# How the PSD is Computed

March 29, 2018

Back to: Random Testing

When computing the power spectral density (PSD) of a signal, it is essential to determine the frequency spectrum. Engineers can do so using the Fourier series, which is named after the mathematician Joseph Fourier who invented the method in 1807.

### Fourier Series

The Fourier series is based on the principle that any signal *x* of length *T* can be constructed by the sum of a series of sine and cosine waves, each with an integer number of cycles in *T*. Mathematically, this is written as:

(1)

Equation 1

where *f _{1}* = 1 /

*T*and

*f*=

_{i}*i*

*f*.

_{1}*C*and

_{i}*S*are the Fourier coefficients to be determined. Figure 2.6 illustrates this graphically.

_{i}In practice, the signal *x* is digitized into a sequence of *N* numbers (*x _{n}*,

*n*= 1 to

*N*) with a time interval of Δ

*t*between samples (Figure 2.7).

### Fourier Coefficients

We can determine the value of each Fourier coefficient by multiplying both sides of Eq. (1) by the corresponding sine or cosine wave and computing the mean value over *N* = *T*/Δ*t*. Equation 2, for example, determines the value of *C*_{37}.

(2)

(3)

Equation 2

The following summation computes the mean value and *t _{n}* =

*n*Δ

*t*:

(4)

This procedure works because the different sine and cosine functions are independent of each other. That is, the mean value of the product of any two different functions is equal to zero, as illustrated in Figure 2.3. The terms in Equation 2 have a mean value of zero except for *C*_{37}. Then:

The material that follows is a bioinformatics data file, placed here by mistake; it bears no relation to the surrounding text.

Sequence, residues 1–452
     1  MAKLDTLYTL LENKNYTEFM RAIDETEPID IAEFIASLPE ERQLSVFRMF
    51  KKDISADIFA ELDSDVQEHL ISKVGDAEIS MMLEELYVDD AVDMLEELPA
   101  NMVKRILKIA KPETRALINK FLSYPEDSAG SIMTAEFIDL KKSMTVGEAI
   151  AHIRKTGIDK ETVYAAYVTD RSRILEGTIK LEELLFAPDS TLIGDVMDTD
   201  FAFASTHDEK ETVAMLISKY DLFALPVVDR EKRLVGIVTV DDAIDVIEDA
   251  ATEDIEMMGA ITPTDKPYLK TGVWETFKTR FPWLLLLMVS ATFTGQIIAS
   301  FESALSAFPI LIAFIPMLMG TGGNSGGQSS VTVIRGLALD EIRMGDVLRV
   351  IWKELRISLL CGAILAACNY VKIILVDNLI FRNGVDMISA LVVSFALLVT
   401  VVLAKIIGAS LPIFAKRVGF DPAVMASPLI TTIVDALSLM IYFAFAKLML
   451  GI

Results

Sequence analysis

(5)

(6)

(7)

Equation 3

In Equation 3, the mean-square value of the cosine wave is 1/2 of what has been used (as illustrated in Figure 2.2). In general, the coefficients are determined by the following equation (Equation 4):

(8)

(9)

(10)

Equation 4

### Fast Fourier Transform

Historically, the computation of the summations in Equation 4 was very time-consuming until 1965, when Cooley and Tukey published an efficient algorithm for this known as the fast Fourier transform (FFT).

Their algorithm uses a sequence of *N* digital samples where *N* is a power of 2 (e.g. 2, 4, 8, 16, 32, etc.). The highest frequency that can be resolved in the FFT is *f _{q}* = 1 / (2 Δ

*t*) Hz (called the Nyquist frequency), so there are

*N*/ 2 frequency values. The signal

*x*must be conditioned by a low pass filter before it is digitized to make sure that frequencies above

*f*have been removed.

_{q}The FFT computes the values of the Fourier coefficients *C _{i}* and

*S*. The mean square amplitude is given by (

_{i}*C*

_{i}^{2}+

*S*

_{i}^{2}) / 2. Since the frequency resolution is Δ

*f*= 1 /

*T*= 1 / (

*N Δ*

*t*), the PSD is normalized to a 1Hz bandwidth by dividing the mean square amplitude by Δ

*f.*

(11)

Equation 5

The process of generating a PSD must address a number of FFT computational details. These FFT details include digital time sampling, aliasing, windowing, frequency resolution, and averaging.